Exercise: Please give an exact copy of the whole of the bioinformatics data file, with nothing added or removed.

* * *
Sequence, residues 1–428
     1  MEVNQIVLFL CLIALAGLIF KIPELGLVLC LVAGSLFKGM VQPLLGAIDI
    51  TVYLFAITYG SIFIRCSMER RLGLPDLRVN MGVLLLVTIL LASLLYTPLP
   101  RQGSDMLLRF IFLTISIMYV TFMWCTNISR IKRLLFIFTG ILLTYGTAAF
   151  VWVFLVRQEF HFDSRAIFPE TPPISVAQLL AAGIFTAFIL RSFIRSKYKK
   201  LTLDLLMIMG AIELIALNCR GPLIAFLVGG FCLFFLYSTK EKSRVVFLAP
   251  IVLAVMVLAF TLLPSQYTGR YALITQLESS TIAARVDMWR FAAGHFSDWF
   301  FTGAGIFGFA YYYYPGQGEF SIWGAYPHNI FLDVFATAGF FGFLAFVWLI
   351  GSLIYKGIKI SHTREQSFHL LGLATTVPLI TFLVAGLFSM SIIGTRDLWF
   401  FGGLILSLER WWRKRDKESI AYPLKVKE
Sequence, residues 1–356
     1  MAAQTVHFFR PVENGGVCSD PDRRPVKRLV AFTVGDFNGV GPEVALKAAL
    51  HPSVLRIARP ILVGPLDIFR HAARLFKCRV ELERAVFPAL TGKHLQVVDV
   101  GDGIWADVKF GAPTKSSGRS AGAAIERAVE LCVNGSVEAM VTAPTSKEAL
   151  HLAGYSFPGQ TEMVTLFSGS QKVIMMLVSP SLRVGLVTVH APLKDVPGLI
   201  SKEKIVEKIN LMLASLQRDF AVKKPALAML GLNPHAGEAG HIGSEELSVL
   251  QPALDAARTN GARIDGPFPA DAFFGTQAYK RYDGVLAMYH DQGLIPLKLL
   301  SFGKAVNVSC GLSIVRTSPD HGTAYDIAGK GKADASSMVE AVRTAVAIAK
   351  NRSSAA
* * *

Sequence, residues 1–428
     1  MEVNQIVLFL CLIALAGLIF KIPELGLVLC LVAGSLFKGM VQPLLGAIDI
    51  TVYLFAITYG SIFIRCSMER RLGLPDLRVN MGVLLLVTIL LASLLYTPLP
   101  RQGSDMLLRF IFLTISIMYV TFMWCTNISR IKRLLFIFTG ILLTYGTAAF
   151  VWVFLVRQEF HFDSRAIFPE TPPISVAQLL AAGIFTAFIL RSFIRSKYKK
   201  LTLDLLMIMG AIELIALNCR GPLIAFLVGG FCLFFLYSTK EKSRVVFLAP
   251  IVLAVMVLAF TLLPSQYTGR YALITQLESS TIAARVDMWR FAAGHFSDWF
   301  FTGAGIFGFA YYYYPGQGEF SIWGAYPHNI FLDVFATAGF FGFLAFVWLI
   351  GSLIYKGIKI SHTREQSFHL LGLATTVPLI TFLVAGLFSM SIIGTRDLWF
   401  FGGLILSLER WWRKRDKESI AYPLKVKE
Sequence, residues 1–356
     1  MAAQTVHFFR PVENGGVCSD PDRRPVKRLV AFTVGDFNGV GPEVALKAAL
    51  HPSVLRIARP ILVGPLDIFR HAARLFKCRV ELERAVFPAL TGKHLQVVDV
   101  GDGIWADVKF GAPTKSSGRS AGAAIERAVE LCVNGSVEAM VTAPTSKEAL
   151  HLAGYSFPGQ TEMVTLFSGS QKVIMMLVSP SLRVGLVTVH APLKDVPGLI
   201  SKEKIVEKIN LMLASLQRDF AVKKPALAML GLNPHAGEAG HIGSEELSVL
   251  QPALDAARTN GARIDGPFPA DAFFGTQAYK RYDGVLAMYH DQGLIPLKLL
   301  SFGKAVNVSC GLSIVRTSPD HGTAYDIAGK GKADASSMVE AVRTAVAIAK
   351  NRSSAA